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Revista Brasileira de Epidemiologia

Print version ISSN 1415-790X

Rev. bras. epidemiol. vol.17 no.2 São Paulo Apr./June 2014

http://dx.doi.org/10.1590/1809-4503201400020002ENG 

Original Articles

Prevalence and sociodemographic characteristics of women with induced abortion in a population sample of São Paulo, Brazil

Milena Goulart SouzaI  II 

Carmen L. B. FuscoI 

Solange A. AndreoniI 

Rebeca de Souza e SilvaI 

IDepartment of Preventive Medicine of Universidade Federal de São Paulo - São Paulo (SP), Brazil

IICentro Universitário de Guaxupé - Guaxupé (MG), Brazil


ABSTRACT

Objectives:

This study aims at estimating the prevalence of women with induced abortion among women of childbearing age (15-49 years) who had any previous pregnancy, in the city of Sao Paulo, Brazil, in the last quarter of 2008, and identifying the sociodemographic characteristics (SC) associated with it.

Methods:

A cross-sectional survey was carried out. The dependent variable was dichotomized as: no abortion and induced abortion. The independent variables were: age, paid work/activity, familial monthly income, schooling, marital status, contraceptive use and number of live births. Statistical analysis was performed using log-binomial regression models with approximation of Poisson to estimate the prevalance ratios (PR).

Results:

Of all women with any previous pregnancy (n = 683), 4.5% (n = 31) reported induced abortion. The final multivariate model showed that having now between 40 and 44 years (PR = 2.76, p = 0.0043), being single (PR = 2.79, p = 0.0159), having 5 or more live births (PR = 3.97, p = 0.0013), current oral contraception or IUD use (PR = 2.70, p = 0.454) and using a "non effective" (or of low efficacy) contraceptive method (PR = 4.18, p = 0.0009) were sociodemographic characteristics associated with induced abortion in this population.

Conclusions:

Induced abortion seems to be used to limit fertility, more precisely after having reached the desired number of children. The inadequate use or non-use of effective contraceptive methods, and / or the use of contraceptives " non effective", exposed also the women to the risk of unintended pregnancies and, therefore, induced abortions. In addition, when faced with a pregnancy, single women were more likely to have an abortion than married women.

Key words: Abortion; Induced abortion; Epidemiology; Public Health; Reproductive Health; Prevalence Ratio

RESUMO

Objetivos:

O presente estudo busca estimar a prevalência de mulheres com aborto provocado dentre as mulheres em idade fértil (15 a 49 anos de idade) que apresentaram alguma gestação prévia, residentes na cidade de São Paulo, Brasil, no último trimestre de 2008, bem como identificar essa ocorrência em função de algumas características sociodemográficas (CSD).

Métodos:

Trata-se de um estudo transversal. A variável dependente aborto foi dicotomizada em: aborto provocado (AP) e nenhum aborto (NA). As variáveis independentes utilizadas foram: idade, atividade remunerada, renda mensal familiar, escolaridade, estado conjugal, uso de método(s) contraceptivo(s) e número de filhos nascidos vivos. A análise estatística foi realizada por meio de modelos de regressão log-binomial com aproximação de Poisson para avaliar as razões de prevalência (RP).

Resultados:

Dentre o total de mulheres com alguma gestação prévia (n = 683), 4,5% (n = 31) declararam algum AP. O modelo log-binomial final mostrou que idade atual entre 40 e 44 anos de idade (RP = 2,76; p = 0,0043), estado conjugal solteira (RP = 2,79; p = 0,0159), número de filhos nascidos vivos igual ou maior que 5 (RP = 3,97; p = 0,0013, uso de contraceptivo "não eficaz" ou de baixa eficácia (RP = 4,18; p = 0,0009) e uso atual de contraceptivo oral ou dispositivo intrauterino (RP = 2,70; p = 0,454) foram as características que se apresentaram mais fortemente associadas à ocorrência de AP entre as mulheres dessa população.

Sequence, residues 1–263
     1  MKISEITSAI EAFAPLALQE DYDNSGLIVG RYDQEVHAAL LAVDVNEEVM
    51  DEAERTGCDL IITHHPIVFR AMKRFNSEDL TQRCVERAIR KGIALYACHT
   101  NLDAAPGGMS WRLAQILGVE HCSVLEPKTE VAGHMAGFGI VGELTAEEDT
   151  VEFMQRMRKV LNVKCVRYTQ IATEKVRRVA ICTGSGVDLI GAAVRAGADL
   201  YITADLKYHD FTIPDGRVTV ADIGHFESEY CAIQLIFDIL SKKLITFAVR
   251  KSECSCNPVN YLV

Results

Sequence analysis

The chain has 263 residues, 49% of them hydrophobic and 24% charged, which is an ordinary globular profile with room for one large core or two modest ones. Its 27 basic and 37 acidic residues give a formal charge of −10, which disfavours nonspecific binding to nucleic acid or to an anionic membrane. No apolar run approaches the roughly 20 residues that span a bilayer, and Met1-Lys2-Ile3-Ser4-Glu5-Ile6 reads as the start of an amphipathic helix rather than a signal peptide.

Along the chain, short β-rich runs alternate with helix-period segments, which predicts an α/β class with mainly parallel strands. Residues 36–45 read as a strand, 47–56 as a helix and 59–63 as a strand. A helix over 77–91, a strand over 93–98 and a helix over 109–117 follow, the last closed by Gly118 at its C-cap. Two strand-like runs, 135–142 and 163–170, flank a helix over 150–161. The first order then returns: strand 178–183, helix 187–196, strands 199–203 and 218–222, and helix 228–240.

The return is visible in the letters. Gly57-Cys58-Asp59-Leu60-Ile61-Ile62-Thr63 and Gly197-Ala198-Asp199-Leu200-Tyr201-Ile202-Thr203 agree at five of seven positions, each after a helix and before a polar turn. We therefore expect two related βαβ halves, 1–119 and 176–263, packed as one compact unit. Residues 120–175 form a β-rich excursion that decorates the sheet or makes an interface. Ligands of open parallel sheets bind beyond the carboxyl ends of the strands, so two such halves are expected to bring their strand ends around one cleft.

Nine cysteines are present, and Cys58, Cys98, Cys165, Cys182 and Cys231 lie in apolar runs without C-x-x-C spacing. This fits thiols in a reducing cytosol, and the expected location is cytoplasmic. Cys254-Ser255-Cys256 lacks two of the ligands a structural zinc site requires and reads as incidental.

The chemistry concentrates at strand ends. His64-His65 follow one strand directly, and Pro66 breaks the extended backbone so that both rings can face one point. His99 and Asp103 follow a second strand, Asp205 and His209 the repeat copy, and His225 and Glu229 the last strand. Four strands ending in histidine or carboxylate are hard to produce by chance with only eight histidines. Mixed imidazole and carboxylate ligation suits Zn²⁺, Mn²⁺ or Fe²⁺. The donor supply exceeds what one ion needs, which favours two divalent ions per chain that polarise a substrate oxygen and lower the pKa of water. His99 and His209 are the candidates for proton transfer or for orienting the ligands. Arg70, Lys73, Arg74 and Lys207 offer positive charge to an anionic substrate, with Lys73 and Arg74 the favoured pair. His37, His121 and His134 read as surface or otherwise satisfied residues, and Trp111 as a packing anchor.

Conclusões:

O aborto provocado é utilizado para limitar a fecundidade, mais precisamente após atingir-se o número desejado de filhos. O uso inadequado, ou o não-uso, de contraceptivos eficazes e/ou a utilização de contraceptivos não eficazes, ou de baixa eficácia, também promovem a resolução pelo aborto, assim como o fato de as mulheres solteiras enfrentarem uma gestação sozinhas.

Palavras-Chave: Aborto; Aborto provocado; Saúde Pública; Epidemiologia; Saúde Reprodutiva; Razão de Prevalência

INTRODUCTION

Abortion is defined as discontinuation, voluntary or not, from pregnancy until the 20th week or with a conceptus weighing less than 500 grams, according to criteria established by the World Health Organization (WHO)1 , 2. Some obstetricians delimit the time of gestation to define abortion as up to 22 weeks of pregnancy3.

It is called abortion the process that threatens pregnancy and miscarriage the product removed from the conception, however, it is common to reference both, process and product, as abortion1. As for the type, the abortion may be spontaneous (natural) or provoked, also known as voluntary or induced.

The incidence of induced or provoked abortion (IA) worldwide varies between regions and among subgroups of women. In addition, there are countries where the laws are permissive towards abortion, namely where abortion is legal, and others, such as Brazil, whose laws are restrictive, outlawing the IA in almost all conditions. In the latter, the majority of abortions are induced in a clandestine manner, generating the need to estimate their incidence and prevalence that will not be fully available in official data, due to under-reporting.